Please tell Jim Phillips, the Northwest Area national vice president, “thanks” for the very heartwarming story about Ioanna, the young lady who had cancer, and her faith in dealing with it (“Executive Notes,” October 2002, page 14).
I was asked to speak at my church on October 29, 2002. After reading the story, I had to share it with my congregation. It would not have done justice to tell it myself, so I read every word to give the full scope of the story. It touched all of our hearts to see the faith of this brave young woman. I know God will bless Jim and his wife for their contribution in Ioanna’s life.
James Smith, F158682
Food Concerns Affect Socializing
Our overall experience with campground activities has been good, with one exception. We would like to hear about how other diabetic or nutritionally concerned people handle all of the gala food events. Most of us now are in an age bracket where, unlike some younger people, we need to be mature enough to stifle that inner voice that wants us to throw caution to the wind. Ice cream socials, spaghetti suppers, honey bun breakfasts, potluck dinners, and one-price meals that include items we cannot eat impacted our choices for socializing. We wonder how many other RVers are affected?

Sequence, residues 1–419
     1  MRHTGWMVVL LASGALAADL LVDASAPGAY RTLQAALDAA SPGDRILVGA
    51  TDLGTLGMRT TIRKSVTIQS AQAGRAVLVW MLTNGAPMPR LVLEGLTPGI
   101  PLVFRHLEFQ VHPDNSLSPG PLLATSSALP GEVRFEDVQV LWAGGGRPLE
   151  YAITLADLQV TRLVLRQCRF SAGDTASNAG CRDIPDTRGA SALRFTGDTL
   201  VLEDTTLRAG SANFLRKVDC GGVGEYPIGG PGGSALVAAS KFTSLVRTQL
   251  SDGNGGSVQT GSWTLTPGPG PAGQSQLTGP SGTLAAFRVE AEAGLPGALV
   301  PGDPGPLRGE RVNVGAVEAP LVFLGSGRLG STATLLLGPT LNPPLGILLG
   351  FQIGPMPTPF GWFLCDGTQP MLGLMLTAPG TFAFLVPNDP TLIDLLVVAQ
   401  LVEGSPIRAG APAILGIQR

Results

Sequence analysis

Peg Kerbaugh, F273963
Keene, New Hampshire
The Hi Plains chapter of FMCA recently held a rally at the Hot Springs KOA in Hot Springs, Arkansas, and we would like to recommend this area and RV park to others in FMCA.
The park’s facilities are able to handle large groups, and the staff prepares tasty meals at a very reasonable cost. They even provided a clubhouse for our use and shuttled our group to all kinds of local attractions. They were very accommodating to all our needs.
We highly recommend Hot Springs KOA (800-562-5903).
Monte & Andra Thomason, F275404
In this publication, as well as others, I frequently see questions regarding which cars can be flat towed, whether braking devices are needed, and how to wire the lights of the towed vehicle. I think I have solved these problems with the most cost-effective and convenient method.
I was able to purchase a one-year-old car dolly equipped with electric brakes for about half the price of a new dolly. Thus, the braking problem is resolved with no modification needed for the motorhome (except the addition of a trailer brake controller), and nothing installed on the towed vehicle.